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January 13, 2021

"More states need to use their 'good time' systems to get people out of prison during COVID-19"

The title of this post is the title of this new briefing from the Prison Policy Initiative. The subtitle highlights its themes: "Most states have statutes that allow incarcerated people to earn time off of their sentences. Why aren’t more states using this tool to safely reduce prison populations during COVID-19?".  Here is an excerpt (with links from the original):

With the COVID-19 infection rate in prisons four times that of the general U.S. population, public health and medical experts are urging prisons to reduce their populations to save lives.  But governors and corrections officials are still passing the buck — almost a year into the pandemic. Overlooking existing mechanisms that could be used to release people, states have instead imposed a number of policy changes that have caused further harm to the incarcerated people they are supposed to protect....

What states need now is a simple, equitable way of getting lots of people out of prison safely, rather than continuing to incarcerate them in ever more dangerous and cruel conditions.  A solution — albeit one that will require legislative action in most states — is for states to immediately change their “good time” policies.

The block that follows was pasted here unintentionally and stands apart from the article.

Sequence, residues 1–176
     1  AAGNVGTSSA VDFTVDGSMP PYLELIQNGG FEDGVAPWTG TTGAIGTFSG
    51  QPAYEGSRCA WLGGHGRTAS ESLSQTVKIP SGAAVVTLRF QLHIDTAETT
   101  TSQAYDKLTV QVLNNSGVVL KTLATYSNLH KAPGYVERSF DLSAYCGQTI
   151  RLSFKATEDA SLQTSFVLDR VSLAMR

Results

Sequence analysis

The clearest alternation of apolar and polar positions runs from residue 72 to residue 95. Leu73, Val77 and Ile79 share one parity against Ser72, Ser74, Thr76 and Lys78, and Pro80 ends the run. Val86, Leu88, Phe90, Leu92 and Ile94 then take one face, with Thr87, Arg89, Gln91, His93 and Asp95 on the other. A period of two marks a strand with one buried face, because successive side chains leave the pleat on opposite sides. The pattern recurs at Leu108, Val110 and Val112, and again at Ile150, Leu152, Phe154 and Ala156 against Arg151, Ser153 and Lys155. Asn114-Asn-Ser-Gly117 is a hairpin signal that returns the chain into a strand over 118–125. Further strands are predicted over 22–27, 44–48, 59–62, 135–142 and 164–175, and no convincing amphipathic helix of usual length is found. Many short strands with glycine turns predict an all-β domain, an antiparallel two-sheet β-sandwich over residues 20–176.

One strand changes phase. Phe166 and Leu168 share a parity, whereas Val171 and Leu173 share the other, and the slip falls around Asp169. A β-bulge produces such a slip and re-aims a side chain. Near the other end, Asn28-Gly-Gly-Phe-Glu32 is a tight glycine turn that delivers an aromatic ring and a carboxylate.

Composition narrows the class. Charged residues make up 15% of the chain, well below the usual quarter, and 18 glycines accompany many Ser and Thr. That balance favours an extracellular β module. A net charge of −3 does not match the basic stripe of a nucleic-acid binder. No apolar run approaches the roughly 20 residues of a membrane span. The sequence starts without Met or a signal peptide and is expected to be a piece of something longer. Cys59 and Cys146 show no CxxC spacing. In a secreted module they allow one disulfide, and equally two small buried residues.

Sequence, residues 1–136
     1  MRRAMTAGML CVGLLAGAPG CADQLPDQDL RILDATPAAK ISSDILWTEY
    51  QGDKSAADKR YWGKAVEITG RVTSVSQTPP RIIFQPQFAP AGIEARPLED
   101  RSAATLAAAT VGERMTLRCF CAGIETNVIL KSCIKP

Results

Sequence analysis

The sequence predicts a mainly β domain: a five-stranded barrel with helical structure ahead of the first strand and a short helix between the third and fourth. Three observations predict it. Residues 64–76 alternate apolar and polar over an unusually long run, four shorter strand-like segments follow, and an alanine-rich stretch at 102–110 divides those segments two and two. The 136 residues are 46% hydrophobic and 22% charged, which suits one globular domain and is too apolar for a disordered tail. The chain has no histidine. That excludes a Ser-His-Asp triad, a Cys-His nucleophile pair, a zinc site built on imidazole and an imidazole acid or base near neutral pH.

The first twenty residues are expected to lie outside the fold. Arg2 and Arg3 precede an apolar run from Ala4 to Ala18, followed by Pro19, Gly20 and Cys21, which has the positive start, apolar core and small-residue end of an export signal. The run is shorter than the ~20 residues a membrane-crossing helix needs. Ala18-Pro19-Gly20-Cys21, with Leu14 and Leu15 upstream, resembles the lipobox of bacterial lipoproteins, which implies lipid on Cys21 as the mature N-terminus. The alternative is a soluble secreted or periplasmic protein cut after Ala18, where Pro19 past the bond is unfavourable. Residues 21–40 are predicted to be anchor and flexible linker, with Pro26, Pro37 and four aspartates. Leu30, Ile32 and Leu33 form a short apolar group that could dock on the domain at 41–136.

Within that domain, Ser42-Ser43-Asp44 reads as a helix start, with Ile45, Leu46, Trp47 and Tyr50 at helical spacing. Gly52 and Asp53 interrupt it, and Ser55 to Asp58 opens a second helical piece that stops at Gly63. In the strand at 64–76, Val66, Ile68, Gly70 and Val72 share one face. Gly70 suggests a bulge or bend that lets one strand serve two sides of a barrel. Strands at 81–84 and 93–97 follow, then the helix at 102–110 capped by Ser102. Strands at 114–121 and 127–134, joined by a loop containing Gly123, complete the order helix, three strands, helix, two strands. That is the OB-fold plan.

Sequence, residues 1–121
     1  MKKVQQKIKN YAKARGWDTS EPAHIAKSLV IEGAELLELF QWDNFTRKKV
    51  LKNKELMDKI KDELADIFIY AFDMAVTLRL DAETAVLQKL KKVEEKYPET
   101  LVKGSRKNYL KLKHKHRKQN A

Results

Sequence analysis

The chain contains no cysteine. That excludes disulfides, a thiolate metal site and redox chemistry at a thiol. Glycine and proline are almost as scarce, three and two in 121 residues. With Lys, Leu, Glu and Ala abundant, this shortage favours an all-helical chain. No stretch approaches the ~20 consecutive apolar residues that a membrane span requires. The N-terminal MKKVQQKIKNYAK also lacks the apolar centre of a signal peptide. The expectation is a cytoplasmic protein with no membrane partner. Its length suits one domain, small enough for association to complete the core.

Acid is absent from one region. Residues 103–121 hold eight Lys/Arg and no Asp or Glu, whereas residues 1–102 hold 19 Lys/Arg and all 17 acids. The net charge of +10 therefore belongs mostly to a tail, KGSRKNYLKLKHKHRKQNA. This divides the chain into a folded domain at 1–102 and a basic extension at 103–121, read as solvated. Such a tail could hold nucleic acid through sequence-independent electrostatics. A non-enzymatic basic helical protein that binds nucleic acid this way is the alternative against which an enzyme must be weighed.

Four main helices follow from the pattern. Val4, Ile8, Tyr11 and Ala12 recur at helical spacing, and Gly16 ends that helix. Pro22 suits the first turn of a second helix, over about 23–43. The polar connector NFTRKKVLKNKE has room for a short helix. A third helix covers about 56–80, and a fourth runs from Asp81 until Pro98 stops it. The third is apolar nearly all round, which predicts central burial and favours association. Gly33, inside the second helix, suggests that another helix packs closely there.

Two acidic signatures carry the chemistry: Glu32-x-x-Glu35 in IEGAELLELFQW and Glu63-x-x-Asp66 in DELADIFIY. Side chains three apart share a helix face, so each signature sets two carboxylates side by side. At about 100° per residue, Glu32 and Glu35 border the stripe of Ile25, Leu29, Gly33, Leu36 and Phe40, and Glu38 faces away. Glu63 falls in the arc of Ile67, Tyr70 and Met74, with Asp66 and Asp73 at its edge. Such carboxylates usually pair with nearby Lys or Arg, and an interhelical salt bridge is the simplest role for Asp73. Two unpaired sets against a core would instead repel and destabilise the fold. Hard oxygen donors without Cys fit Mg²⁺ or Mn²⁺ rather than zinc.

Good time” — also called “earned time,” “meritorious credit,” or similar — is a system by which people in prison can earn time off their sentences.  States award time “credits” to incarcerated individuals to shorten the time they must serve before becoming parole-eligible or completing their sentences altogether.  Good time systems vary between states (see the National Conference of State Legislatures’ detailed table) but time credits are often given out for participating in programs.  For example, New York offers a six-month credit for completion of the GED.  26 states have a good time program that offers credits for certain educational programs and attainments, while 23 states offer credits for vocational training, 17 for participation in mental health or substance abuse treatment, 16 for work, 21 for other programming, and five for participating in disaster response (like firefighting).  Almost none of these kinds of programs are being offered consistently during the pandemic, effectively eliminating the option for incarcerated individuals to reduce their sentences while in prison during COVID-19.

People in prison can also often earn time off their sentences by complying with prison rules.  During the pandemic, people in prison have had to comply with much stricter rules than usual, including lockdowns that subject entire prisons to conditions “akin to solitary confinement.”  Yet most have not been rewarded with additional “good time” for compliance with these harsher conditions.

Rather than holding people back from accruing good time credits during the pandemic, states should give out more of those credits, not just because it’s the fair thing to do but because it will allow some people to leave prison immediately.

January 13, 2021 at 02:16 PM | Permalink

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